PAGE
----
Nor will every context support every kind of information. It’s unlikely that a discussion thread from the server will be stored inside the SVG file. Nor is it likely to be useful to store the “currently active object” in Blender, though the Live-App Context could include this information.

Meanwhile, although it would likely be useful to store the resolution of an image file being worked on in Gimp in the uploaded asset database in TACTIC, it obviously does not know this information with the surety that the Gimp application does. It’s just a copy of that information. It may even have changed since the last load of the program from the disk — but the live value is clearly the correct one.

On the other hand, it may not agree with the resolution requested by a planning document (perhaps representing what another asset object expects the resolution to be). Or the plan may not specify this value at all.

Finally, some formats will have no way to represent a certain field of context information, either because the format provides no way to do it, or because the extension used to read and write the format doesn’t support it. So, for example, some older formats like WAV audio or raw image files may have no generic place to store comments or attribution data.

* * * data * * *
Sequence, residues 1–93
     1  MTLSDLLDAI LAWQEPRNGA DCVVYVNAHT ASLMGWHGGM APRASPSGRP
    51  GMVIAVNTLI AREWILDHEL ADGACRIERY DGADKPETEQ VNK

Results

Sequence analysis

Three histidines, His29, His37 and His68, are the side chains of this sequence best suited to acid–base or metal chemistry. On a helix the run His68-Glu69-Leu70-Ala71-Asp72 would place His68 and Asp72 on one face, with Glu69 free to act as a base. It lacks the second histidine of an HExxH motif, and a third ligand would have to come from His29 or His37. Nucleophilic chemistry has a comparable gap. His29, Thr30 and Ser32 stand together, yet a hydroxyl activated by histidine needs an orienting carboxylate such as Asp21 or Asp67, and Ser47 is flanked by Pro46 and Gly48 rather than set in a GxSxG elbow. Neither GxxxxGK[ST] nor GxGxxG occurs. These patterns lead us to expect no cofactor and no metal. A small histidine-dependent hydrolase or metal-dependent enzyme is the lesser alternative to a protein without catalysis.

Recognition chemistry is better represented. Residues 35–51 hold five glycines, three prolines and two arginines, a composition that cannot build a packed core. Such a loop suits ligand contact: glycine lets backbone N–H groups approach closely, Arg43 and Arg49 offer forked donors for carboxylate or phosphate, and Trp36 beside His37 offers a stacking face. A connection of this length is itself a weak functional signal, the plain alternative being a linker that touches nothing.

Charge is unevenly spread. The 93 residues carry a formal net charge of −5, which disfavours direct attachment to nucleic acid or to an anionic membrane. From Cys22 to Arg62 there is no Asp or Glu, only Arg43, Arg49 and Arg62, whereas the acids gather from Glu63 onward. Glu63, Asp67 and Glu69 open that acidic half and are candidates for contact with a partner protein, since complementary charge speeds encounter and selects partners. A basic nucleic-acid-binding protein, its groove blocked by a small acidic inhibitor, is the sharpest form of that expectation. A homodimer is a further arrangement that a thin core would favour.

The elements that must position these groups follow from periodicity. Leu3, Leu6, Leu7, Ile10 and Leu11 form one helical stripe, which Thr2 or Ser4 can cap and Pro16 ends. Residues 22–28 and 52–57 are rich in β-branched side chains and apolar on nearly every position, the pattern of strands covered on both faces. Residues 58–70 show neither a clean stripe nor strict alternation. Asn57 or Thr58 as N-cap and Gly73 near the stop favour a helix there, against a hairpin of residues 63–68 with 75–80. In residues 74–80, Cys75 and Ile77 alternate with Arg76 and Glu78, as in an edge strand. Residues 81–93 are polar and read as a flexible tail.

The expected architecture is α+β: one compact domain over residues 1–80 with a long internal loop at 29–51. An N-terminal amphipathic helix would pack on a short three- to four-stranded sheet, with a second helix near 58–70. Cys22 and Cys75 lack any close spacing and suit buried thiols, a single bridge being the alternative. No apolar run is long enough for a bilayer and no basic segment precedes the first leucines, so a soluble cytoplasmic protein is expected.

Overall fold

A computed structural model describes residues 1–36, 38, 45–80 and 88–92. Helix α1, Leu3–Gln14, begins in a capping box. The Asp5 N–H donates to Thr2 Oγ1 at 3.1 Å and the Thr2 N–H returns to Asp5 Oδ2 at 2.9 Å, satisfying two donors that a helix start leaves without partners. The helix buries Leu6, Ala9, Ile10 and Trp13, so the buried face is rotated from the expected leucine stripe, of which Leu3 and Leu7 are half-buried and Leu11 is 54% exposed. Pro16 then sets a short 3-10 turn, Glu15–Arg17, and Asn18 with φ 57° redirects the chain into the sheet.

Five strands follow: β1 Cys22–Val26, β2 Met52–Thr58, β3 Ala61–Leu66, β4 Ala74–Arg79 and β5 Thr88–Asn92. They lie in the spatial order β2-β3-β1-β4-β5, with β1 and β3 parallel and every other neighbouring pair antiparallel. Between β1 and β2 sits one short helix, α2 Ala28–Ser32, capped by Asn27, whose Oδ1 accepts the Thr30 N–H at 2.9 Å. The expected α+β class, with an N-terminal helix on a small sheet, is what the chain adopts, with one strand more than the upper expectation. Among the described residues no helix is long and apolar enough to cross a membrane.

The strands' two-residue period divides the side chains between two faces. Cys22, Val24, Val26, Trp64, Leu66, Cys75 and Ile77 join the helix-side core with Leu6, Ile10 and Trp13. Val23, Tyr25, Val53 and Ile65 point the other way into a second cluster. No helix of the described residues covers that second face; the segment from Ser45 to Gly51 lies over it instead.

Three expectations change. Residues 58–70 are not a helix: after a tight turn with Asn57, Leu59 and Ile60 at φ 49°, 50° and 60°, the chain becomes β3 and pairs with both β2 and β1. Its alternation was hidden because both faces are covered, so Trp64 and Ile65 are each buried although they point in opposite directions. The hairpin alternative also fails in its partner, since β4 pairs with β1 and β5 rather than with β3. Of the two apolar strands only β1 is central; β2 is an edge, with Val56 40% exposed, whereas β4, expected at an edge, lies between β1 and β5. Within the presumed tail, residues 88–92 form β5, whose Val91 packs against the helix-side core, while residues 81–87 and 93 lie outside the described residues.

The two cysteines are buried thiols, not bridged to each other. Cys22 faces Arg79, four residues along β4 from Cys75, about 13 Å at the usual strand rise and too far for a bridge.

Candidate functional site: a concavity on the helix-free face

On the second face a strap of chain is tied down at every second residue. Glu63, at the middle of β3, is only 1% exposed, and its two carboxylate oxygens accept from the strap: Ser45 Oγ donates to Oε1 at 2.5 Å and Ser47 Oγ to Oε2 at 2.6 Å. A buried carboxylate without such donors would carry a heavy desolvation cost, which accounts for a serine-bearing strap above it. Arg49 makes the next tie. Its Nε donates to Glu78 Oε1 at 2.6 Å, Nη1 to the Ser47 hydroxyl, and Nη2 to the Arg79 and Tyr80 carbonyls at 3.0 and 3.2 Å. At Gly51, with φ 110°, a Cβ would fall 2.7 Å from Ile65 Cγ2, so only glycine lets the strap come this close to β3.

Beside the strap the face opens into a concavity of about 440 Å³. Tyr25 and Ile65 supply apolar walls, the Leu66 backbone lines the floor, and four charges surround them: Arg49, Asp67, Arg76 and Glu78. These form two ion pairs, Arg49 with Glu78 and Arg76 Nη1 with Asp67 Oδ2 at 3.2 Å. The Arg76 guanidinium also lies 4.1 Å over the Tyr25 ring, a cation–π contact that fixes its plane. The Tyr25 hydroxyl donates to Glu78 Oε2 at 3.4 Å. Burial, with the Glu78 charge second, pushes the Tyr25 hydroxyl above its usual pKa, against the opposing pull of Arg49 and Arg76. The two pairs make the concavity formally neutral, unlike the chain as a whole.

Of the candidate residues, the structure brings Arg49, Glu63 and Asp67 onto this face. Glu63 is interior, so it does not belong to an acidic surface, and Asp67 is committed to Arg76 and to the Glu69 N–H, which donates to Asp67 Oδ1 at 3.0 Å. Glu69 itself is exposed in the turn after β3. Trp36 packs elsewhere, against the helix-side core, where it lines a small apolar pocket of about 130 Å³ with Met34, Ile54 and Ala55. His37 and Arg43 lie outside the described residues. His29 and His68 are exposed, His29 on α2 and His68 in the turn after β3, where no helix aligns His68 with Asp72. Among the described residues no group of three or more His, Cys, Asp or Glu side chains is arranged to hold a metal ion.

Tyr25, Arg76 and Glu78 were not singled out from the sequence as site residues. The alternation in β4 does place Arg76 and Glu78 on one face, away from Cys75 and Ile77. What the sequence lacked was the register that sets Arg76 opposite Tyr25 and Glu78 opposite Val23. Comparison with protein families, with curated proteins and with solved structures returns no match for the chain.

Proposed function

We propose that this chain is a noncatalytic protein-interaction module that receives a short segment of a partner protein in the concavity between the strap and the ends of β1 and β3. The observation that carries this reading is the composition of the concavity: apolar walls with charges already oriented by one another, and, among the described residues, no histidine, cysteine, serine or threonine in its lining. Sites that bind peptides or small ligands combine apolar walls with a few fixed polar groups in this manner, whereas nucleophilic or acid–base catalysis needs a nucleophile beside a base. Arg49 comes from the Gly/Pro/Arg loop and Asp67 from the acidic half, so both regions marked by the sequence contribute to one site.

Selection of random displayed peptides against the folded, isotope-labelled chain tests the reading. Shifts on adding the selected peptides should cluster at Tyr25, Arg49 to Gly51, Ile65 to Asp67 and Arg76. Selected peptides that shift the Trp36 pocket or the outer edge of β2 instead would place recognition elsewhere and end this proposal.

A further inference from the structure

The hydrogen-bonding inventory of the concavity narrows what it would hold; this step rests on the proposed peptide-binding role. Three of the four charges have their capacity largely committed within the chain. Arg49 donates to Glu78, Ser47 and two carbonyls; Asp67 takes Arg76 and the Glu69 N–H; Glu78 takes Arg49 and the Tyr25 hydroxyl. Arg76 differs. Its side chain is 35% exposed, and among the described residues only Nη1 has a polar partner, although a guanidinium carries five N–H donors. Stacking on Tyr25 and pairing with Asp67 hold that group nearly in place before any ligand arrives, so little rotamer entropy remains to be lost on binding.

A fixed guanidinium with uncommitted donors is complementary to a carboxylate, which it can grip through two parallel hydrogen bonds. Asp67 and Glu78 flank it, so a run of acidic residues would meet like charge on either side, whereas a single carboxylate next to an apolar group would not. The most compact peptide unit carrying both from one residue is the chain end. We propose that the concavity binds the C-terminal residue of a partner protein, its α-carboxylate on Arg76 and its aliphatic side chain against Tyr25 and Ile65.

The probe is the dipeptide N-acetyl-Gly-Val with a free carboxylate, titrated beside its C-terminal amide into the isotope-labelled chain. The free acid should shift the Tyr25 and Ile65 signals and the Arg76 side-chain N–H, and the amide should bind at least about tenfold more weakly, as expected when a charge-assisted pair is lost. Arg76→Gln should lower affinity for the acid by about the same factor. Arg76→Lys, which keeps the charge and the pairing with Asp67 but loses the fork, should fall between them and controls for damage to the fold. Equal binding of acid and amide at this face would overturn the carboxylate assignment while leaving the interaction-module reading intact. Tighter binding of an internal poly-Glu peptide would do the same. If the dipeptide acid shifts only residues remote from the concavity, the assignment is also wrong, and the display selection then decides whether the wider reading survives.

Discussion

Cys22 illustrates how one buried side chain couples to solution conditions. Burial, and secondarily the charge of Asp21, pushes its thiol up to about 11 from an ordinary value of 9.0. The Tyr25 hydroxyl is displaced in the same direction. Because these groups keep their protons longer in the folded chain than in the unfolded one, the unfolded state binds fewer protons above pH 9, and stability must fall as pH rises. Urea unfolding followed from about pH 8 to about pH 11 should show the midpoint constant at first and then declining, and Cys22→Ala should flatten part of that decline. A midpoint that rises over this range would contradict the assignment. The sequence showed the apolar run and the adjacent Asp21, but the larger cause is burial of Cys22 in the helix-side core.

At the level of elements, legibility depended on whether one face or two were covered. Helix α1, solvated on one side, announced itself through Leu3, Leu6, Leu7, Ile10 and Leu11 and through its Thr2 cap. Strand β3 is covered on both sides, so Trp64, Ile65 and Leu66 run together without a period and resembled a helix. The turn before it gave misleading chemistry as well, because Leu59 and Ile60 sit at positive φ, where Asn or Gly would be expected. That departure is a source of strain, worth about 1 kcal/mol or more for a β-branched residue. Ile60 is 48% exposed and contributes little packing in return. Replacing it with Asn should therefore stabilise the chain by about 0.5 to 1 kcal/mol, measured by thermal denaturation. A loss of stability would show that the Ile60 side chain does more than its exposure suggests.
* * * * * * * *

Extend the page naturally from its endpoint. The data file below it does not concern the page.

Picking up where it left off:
What this brings me to is a concept of “authority”, applied to context objects. That is to say, the degree to which a particular source should be trusted for the correct value of a field. Some possible values to use:

  • Unsupported (No read or write possible)
  • Read-Only (Can read but not write — such as directly-measured metrics)
  • Empty (No value, can be overridden).
  • Inherited (Value exists, but is copied from another source)
  • Get / Current (Value represents the current state)
  • Set / Planned (Value represents an intended state)

This, combined with “currency” — or the time stamps on the information — is enough to intelligently merge context objects.  The difference between the “Get” and “Set” values could be used to generate a “to-do” list for updating the asset, or with sufficient automation, simply be used to make it so.